Saturday, March 14, 2015

Fixing Your Broken Eyeshadows

I recently visited the states, and did the unthinkable by packing some of my makeup in my checked luggage.

Yep. If you can imagine your worst fear happening, mine did.

A photo posted by Mandi Chiem (@mistava) on

As you can see from my Instagram a few weeks back, I left one of my eye shadow palettes to the mercy of flight transportation.

So I'm providing a step-by-step process on how you can salvage your broken make up rather than dishing out another $24 it would have cost me to get a brand new one. This is also a way to press some of your pigments into pans.

The key things I used were rubbing alcohol, a liquid-dropper, a bobby-pin, paper towels, a coin, and a well ventilated room or work area.

The alcohol comes in handy for mixing and sanitizing your tools. So my first step would be to soak that coin in the alcohol and rub down your mixing tool with it too. I used isopropyl alcohol from the local Rexall. You can get it at any pharmacy as it is an important first aid item.

DISCLAIMING SOME STUFF: If you're a child, please have an adult handle this. Don't get this in any of your fleshy orifices. If you have sensitive skin, then use some rubber or latex gloves. When handling alcohol, refrain (DO NOT) touch your eyes or any other mucous membranes. It will hurt. It will hurt a lot. When I say a lot, I mean A LOT.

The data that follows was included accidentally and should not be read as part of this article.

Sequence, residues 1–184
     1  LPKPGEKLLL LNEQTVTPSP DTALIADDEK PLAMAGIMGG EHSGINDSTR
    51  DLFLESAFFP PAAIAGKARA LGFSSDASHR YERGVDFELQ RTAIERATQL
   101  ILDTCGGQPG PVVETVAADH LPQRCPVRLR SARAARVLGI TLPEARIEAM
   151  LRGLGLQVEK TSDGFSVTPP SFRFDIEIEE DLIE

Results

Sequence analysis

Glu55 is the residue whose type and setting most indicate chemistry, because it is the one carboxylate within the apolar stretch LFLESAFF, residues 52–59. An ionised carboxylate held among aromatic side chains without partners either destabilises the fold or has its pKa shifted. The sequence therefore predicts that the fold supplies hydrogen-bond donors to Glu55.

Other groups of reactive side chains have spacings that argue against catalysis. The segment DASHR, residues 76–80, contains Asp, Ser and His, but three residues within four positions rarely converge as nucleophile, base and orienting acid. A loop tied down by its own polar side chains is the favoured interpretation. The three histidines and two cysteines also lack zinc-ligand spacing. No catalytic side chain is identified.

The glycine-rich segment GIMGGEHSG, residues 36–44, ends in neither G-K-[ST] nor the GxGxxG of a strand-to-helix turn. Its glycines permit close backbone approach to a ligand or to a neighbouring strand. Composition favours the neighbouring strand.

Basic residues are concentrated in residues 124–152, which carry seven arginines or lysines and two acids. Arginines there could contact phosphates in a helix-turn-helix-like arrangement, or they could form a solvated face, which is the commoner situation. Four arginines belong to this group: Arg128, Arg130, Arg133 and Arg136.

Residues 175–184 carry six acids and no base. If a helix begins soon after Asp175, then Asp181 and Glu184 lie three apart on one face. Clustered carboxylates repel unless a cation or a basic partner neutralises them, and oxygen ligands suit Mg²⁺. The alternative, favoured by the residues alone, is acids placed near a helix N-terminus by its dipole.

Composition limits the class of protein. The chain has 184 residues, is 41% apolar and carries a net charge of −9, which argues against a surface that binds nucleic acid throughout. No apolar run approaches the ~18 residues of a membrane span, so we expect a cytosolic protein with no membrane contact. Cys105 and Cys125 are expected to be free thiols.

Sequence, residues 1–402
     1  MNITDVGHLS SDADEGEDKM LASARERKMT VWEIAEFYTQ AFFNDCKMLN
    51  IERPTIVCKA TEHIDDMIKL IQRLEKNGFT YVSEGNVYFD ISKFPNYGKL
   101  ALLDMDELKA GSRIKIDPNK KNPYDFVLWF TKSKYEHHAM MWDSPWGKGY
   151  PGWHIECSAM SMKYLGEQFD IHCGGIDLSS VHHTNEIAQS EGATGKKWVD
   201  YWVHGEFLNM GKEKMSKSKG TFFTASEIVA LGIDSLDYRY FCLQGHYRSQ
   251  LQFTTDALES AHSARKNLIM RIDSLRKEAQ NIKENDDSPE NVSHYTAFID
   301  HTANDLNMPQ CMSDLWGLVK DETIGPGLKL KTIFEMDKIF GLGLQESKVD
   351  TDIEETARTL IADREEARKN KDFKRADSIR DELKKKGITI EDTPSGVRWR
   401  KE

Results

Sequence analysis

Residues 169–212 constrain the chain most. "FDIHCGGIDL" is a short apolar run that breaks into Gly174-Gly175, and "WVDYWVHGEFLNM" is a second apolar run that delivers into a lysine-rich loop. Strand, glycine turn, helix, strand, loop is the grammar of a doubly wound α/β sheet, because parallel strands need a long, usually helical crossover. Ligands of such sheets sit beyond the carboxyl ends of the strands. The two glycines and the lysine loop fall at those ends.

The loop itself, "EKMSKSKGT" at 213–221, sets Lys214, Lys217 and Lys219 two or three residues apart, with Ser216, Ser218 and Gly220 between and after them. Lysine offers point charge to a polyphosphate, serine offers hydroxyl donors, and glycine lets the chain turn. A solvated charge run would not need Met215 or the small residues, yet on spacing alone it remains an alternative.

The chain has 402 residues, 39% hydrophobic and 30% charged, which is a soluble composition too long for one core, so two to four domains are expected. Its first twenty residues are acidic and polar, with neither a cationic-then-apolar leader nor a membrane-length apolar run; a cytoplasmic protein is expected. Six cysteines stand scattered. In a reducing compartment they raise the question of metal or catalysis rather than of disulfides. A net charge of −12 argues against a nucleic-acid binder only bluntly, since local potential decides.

Once you have sanitized your tools to your heart's desire, go ahead and crush up the rest of your eye shadow with your tool until it's mostly a loose pigment or powder. Try to do it slowly, or you'll end up with a lot of shadow outside your pan.
Next use your liquid-dropper and alcohol, and add 1-2 drops at a time to your pan.
Mix that bad boy up until you have the consistency of a paste, or porridge-like, or toothpaste-like, goop-like (yeah goop is a good word =D) substance.
It should more or less look like this all mixed up. At this point, I put it aside and let it set for about 15-20 minutes before pressing.
Try to be patient at this part. If you press too soon, you may lose more pigment than you want.

You'll know when to press your shadow when all the shininess of the alcohol has diminished. Grab a piece of paper towel and your coin. I used a Canadian loonie ($1 coin).
To press, place the paper towel on top of your shadow and press down hard with the coin. I like to use the paper towel because it is made to soak up liquids a lot better than a cloth. You can see the excess alcohol is squeezed from the pan. Remember you want to press down hard to get the shadow condensed properly in the pan.
While I pressed this shadow, I found that I needed it to be more condensed and ended up using a quarter to squeeze out the excess alcohol.
This is the end result. And for the test...
Ta DA~! Just like new. 
In it goes with the rest of my Moondusts. 

Now if you've learned anything from this incident, learn not to pack your make up in with your checked baggage. Thanks for reading and seeing!